Pros and cons for companies


If you’ve been on Instagram for the past year, you’ve probably noticed the shopping bag icon at the bottom of the screen. This is a form of social commerce, where consumers can buy items directly from a brand without having to leave the app, from browsing to logging out.

Simply put, social commerce is the act of selling physical products through social media (think Instagram Shopping or Facebook Shops).

On the other hand, e-commerce is basically a general term to outline all forms of online purchase of physical products. In this piece, we will use the term to describe purchases through third party sites such as Lazada and Shopee.

Are there any that are better than the other for an SME or a micro-brand? Let’s take a look at some of the features users should expect from the online shopping experience and see how social commerce and e-commerce work.

Instant ad transactions

As mentioned, social commerce means that the entire shopping experience, from browsing to exit, takes place on social media and consumers will not have to leave the platform at all.

From browsing to payment, everything is done in the same social app

For brands, products can be taken out in a more fluid way, as customers will not be redirected to different sites. To add, they won’t have to create new accounts just to make a purchase, which can lead them to abandon their carts.

So whenever they see an ad on their social media channel, they can just click on it, fill in the submission data, and make a boom; this article will be on its way.

However, if you’ve ever clicked on your Lazada or Shopee recommendations on Facebook, you’re probably familiar with the annoying upload times needed just to see this product on the site. Most often, you don’t get to the brand page, but to the home page.

Although, if you’re already browsing third-party e-commerce sites, it’s no surprise that transactions are also perfect and instantaneous, but people tend to spend more time on social media than these sites.


Social trade 1
E-commerce 0

Keep customers up to date

Since social commerce is done through social media, customers have a direct way to connect with brands and keep up to date with new product launches, promotions and the like.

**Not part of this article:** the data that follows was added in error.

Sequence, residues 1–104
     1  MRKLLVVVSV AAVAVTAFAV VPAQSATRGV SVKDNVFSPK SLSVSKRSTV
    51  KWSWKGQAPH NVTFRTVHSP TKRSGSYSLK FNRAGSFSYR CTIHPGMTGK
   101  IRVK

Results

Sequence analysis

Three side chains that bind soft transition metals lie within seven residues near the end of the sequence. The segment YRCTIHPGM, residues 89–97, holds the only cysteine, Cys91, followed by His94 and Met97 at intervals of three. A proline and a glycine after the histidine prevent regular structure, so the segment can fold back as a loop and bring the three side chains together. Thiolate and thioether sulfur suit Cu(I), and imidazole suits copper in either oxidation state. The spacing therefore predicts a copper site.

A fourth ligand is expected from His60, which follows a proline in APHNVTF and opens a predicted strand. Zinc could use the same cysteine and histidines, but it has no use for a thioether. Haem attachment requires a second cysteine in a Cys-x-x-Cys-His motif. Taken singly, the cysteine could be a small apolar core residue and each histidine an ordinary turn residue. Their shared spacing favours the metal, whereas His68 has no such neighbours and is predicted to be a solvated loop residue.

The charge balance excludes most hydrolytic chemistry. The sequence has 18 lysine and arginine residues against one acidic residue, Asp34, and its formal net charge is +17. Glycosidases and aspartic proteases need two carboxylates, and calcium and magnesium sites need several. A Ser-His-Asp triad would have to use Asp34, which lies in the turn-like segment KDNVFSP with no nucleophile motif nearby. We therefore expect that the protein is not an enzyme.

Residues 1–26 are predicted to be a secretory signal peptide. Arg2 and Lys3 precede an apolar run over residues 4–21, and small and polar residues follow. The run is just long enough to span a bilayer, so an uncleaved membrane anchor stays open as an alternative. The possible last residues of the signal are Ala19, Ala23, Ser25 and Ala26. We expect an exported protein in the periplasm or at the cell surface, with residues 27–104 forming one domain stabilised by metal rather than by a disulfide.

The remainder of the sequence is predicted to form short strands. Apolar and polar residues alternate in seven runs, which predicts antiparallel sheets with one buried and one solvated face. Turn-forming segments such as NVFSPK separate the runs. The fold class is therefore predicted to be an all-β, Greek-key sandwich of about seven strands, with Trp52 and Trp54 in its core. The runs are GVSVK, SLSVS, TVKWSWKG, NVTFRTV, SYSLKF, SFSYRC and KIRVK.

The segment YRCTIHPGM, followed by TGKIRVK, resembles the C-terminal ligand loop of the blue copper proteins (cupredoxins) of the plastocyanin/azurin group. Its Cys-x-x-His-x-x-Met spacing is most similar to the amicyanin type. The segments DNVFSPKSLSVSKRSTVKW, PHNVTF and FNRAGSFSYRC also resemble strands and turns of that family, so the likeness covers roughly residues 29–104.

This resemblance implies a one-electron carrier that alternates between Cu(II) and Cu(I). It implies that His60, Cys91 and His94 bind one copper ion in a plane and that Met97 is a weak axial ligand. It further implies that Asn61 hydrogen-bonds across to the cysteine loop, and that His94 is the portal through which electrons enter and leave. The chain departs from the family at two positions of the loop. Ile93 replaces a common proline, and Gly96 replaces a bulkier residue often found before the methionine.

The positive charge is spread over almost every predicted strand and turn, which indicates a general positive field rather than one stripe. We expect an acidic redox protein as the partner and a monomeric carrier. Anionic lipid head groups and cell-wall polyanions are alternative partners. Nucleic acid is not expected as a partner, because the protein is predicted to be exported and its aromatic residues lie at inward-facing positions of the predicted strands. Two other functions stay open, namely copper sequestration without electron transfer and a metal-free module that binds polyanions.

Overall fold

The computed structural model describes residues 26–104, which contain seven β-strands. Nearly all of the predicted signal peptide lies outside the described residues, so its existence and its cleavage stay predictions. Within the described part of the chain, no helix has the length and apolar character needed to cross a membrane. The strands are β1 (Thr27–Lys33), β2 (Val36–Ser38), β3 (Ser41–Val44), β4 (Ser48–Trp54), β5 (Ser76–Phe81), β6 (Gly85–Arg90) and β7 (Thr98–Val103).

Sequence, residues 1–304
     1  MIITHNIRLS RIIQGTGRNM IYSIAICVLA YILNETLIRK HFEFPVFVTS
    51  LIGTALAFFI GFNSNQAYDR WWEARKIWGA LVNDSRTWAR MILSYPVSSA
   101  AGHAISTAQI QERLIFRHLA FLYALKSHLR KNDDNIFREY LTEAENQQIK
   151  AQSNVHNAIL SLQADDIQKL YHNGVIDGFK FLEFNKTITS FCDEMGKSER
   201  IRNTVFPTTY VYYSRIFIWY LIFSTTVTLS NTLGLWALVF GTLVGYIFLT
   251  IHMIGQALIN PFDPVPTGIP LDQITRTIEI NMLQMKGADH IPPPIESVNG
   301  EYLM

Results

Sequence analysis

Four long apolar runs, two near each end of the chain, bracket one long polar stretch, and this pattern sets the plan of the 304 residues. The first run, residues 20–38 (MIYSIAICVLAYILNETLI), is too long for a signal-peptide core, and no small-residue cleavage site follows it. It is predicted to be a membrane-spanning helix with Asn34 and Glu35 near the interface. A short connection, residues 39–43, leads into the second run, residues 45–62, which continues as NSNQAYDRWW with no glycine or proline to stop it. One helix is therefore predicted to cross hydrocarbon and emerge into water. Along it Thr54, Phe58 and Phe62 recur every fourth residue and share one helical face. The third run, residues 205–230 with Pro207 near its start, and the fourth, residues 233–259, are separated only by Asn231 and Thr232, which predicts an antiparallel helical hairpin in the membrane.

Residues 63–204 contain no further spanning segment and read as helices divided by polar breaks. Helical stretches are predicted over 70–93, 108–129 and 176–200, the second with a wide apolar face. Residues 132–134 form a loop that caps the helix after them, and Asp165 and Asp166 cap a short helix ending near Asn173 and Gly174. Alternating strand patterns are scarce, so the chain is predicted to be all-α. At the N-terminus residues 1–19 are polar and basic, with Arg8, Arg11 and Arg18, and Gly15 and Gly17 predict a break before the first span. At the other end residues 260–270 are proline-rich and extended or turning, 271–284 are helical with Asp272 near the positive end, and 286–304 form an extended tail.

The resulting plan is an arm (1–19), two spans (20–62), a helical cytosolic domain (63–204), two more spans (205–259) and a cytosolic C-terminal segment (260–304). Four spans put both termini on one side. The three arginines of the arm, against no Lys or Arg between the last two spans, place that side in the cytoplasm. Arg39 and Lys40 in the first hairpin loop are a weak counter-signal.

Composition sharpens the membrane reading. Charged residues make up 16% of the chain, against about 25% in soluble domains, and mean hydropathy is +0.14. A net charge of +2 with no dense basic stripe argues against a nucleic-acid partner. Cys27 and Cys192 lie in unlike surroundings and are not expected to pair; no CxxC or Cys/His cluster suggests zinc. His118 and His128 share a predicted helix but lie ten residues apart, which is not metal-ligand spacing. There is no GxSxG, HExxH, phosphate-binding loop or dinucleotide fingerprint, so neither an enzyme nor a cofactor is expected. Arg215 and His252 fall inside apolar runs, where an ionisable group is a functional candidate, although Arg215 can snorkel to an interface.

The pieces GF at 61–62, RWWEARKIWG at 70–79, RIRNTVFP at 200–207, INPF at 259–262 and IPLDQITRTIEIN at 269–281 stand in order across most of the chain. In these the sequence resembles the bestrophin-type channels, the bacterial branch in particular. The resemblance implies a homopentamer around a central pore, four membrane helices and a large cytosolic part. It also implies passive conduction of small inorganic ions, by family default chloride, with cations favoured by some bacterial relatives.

Also, if you have any questions about the products, questions can be clarified directly from the source with a comment or DM, which are usually seen and answered more quickly. This can make customers press this purchase button more safely without having to sleep on it first.

On the other hand, brands cannot really rely on third-party e-commerce sites to let their customers know that there has been a new product launch or a discount on certain items.

Customers will only find out if they are already actively looking for such a product, which means that the visibility of your brand’s activity is much lower overall, leading to slower traction and conversions.


Social trade 2
E-commerce 0

High reach and commitment

Word of mouth is powerful. If you’ve read most of our startup features, you’ll notice a common trend. Most started with just a handful of fan-cum-customers who shared their compliments about a brand and eventually also turned their own friends into customers.

With social commerce, consumers can post photos or videos in the form of posts and stories. When they tag the brand they bought, their followers will see it and have access to explore and research your brand profile, which can turn into sales.

Brands also have a clearer idea of ​​who their audiences are, as customer data on social media is available through site analytics. Therefore, brands can modify their ads to target specific customers or run split tests to find out what types of messages generate better sales.

For e-commerce sites, in the reviews section, you would mostly see people complaining (or complaining) about a product, but the people who would see these messages are just other customers who are already looking at the product.